As one of only eleven lead trauma centers for the province of Ontario, KHSC plays a critical role in the resuscitation, definitive care, and rehabilitation of patients suffering major trauma within south-eastern Ontario.
The program anchors the South-Eastern Ontario Regional Trauma network, which provides leadership, education, and injury prevention activities to a large geographic area spanning Trenton to the Campbellford to the west, Brockville to the east, and Bancroft to the north, in addition to serving the Indigenous communities including Attawapiskat and Fort Albany.
Dr. Chris Evans is the Medical Director of the program, and several other Departmental aculty members participate on the Trauma Team Leader (TTL) call roster, providing expert resuscitative care to seriously injured adults and children. Emergency Medicine residents from the FRCPC and CCFP-EM residency programs take call in the role of Trauma Team Captain, supervised by the Attending TTL, providing them with a unique clinical experience, unavailable at many training programs.
In addition to clinical activities, the Trauma program offers many learning opportunities to faculty and trainees from across the Faculty of Health Sciences including ATLS and TNCC courses, monthly grand rounds and case reviews, trauma resuscitation training in the Queens Clinical Simulation Centre, and advanced procedural training in REBOA and Resuscitative Thoracotomy, amongst others.
Several Emergency Medicine faculty are active in trauma research and we are fortunate to have members with expertise in areas including trauma systems, prehospital care, traumatic cardiac arrest, medical simulation, and education.
For enquires related to the Trauma program, please contact Dr. Chris Evans: email@example.com
|Graduate||Year||Currently Working at|
|Dr. Savannah Forrester||2020||UBC - Victoria|
|Dr. Eve Purdy||2020||Queen's University, Kingston, ON|
|Dr. Kristen Weersink||2020||University of Toronto, ON|
|Dr. Ali Yakhshi Tafti||2020||UBC - Victoria|
|Dr. Mackenzie Howatt||2019||Lennox & Addington Hospital|
|Dr. Emily Howse||2019|
|Dr. Graeme Ross||2019||ICU Fellowship, Kingston ON|
|Dr. Zachary Warren||2019||Lennox & Addington Hospital|
|Dr. Mikayla Brenneis||2018||University of Calgary, Calgary, AB|
|Dr. Stuart Douglas||2018||Queen's University, Kingston, ON|
|Dr. Aaron Ruberto||2018||Queen's University, Kingston, ON|
|Dr. Heather White||2018||UBC - Kelowna|
|Dr. Matthew White||2018||UBC - Kelowna|
|Dr. Caley Flynn||2017||UBC|
|Dr. Sharleen Hoffe||2017||Queen's University, Kingston, ON|
|Dr. Eric Mutter||2017||University of Ottawa|
|Dr. Colin Bell||2016||Queen's University, Kingston, ON|
|Dr. Colin Mercer||2016||Queen's University, Kingston, ON|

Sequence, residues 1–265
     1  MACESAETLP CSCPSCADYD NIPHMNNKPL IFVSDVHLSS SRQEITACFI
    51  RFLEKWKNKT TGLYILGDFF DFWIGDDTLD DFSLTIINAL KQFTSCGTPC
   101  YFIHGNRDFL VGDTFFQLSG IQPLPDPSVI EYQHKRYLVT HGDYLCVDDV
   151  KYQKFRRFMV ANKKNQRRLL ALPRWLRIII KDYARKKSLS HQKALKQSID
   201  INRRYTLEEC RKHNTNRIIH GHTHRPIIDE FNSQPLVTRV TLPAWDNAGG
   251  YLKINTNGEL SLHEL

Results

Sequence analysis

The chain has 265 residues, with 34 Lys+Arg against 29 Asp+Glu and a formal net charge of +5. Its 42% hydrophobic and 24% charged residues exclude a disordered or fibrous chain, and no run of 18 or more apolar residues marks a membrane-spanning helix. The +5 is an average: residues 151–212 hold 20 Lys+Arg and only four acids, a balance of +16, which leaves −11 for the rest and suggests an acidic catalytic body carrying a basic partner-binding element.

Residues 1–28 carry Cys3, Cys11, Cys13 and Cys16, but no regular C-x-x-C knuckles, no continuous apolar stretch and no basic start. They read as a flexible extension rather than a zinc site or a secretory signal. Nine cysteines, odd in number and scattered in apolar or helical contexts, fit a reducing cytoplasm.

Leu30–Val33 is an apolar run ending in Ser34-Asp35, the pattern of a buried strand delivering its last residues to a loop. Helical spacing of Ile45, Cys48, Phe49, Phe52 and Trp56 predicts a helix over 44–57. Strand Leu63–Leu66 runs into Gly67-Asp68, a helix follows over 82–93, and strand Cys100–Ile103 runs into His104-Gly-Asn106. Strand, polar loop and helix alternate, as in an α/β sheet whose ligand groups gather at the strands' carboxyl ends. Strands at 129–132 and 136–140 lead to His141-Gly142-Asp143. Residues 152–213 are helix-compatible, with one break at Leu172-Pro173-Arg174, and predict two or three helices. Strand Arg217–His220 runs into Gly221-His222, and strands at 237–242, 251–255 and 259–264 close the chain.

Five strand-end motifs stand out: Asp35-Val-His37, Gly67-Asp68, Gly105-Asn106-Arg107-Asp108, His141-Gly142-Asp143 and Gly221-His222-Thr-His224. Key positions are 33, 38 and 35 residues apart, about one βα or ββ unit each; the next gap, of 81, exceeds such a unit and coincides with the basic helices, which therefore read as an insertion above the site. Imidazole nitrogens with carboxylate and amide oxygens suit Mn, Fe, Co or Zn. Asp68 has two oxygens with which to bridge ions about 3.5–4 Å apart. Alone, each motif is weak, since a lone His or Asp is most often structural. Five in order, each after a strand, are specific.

|Dr. Nicole Rocca||2016||Queen's University, Kingston, ON|
|Dr. Katherine Stuart||2016||New Zealand|
|Dr. Erin Brennan||2015||Queen's University, Kingston, ON|
|Dr. Andrew Hurst||2015||University of BC|
|Dr. Jody Stasko||2015||Windsor Regional Hospital, Windsor, ON|
|Dr. Adam Szulewski||2015||Queen's University, Kingston, ON|
|Dr. Khala Albert||2014||UBC, Victoria|
|Dr. Mark Froats||2014||Quinte Healthcare, Belleville General Hospital|
|Dr. Andre Lui||2014|
|Dr. Jennifer Tang||2014||UBC - Vancouver|
|Dr. Stephanie Sibley||2013||Queen's University, Critical Care, Kingston ON|
|Dr. April Tozer||2013||Resus Fellowship, Queen's, Kingston ON|
|Dr. Tim Chaplin||2013||Queen's University, Kingston ON|
|Dr. Conor McKaigney||2013||University of Calgary|
|Dr. Andrew Hall||2013||Queen's University, Kingston ON|
|Dr. Chris Evans||2012||Queen's University, Kingston ON|
|Dr. Rachel Poley||2012|
|Dr. Andrew Robinson||2012||University of Toronto, Toronto ON|
|Dr. Jason Bornstein||2011||Queen's University, Kingston ON|
|Dr. Donna Lee||2011|
|Dr. Geoff Sanz||2011||UBC - Kelowna|
|Dr. Michael Geddes||2010||UBC - Kelowna|
|Dr. Tom Kaul||2010||St. Michael's Hospital, Toronto, ON|
|Dr. Michael Geddes||2010||Foothills Medical Centre, Calgary AB|
Our residents have many opportunities to attend conferences and are given a stipend of $500.00 per year. Residents are also given full funding to attend conferences in North America where they have been invited to present their research. Many conferences, workshops, and other leadership opportunities are available at Queen's and these include:
The Queen’s Conference on Academic Residency Education (QCARE) is an annual two-day conference that takes place in May for all first year residents. Attendance is mandatory, thus residents are released from service responsibilities for those two days. The vision for QCARE is to provide education on the CanMEDS non-medical expert competencies in a practical, innovative, and engaging manner. The two days include plenary speakers and smaller group workshops.
Residents as Teachers
The Residents as Teachers Program, offered through Postgraduate Medical Education, is designed to enhance the teaching ability of self-selected residents. The focus is to enrich residents’ knowledge and skills in medical education, allowing them to become better educators. Oral communication skills are specifically addressed in session on small group teaching, large group teaching, giving feedback, teaching clinical skills, one-minute preceptor, and teaching in the Simulation Lab.
A Head and Senior Resident Workshop is offered in May to all residents in these leadership positions. In particular, sessions on leadership and conflict management address effective and appropriate management, administration, and leadership skills. Our Head Resident is an elected resident who is a full member of the Residency Program Committee (RPC). In this role, s/he is responsible for bringing the concerns of other residents to RPC meetings.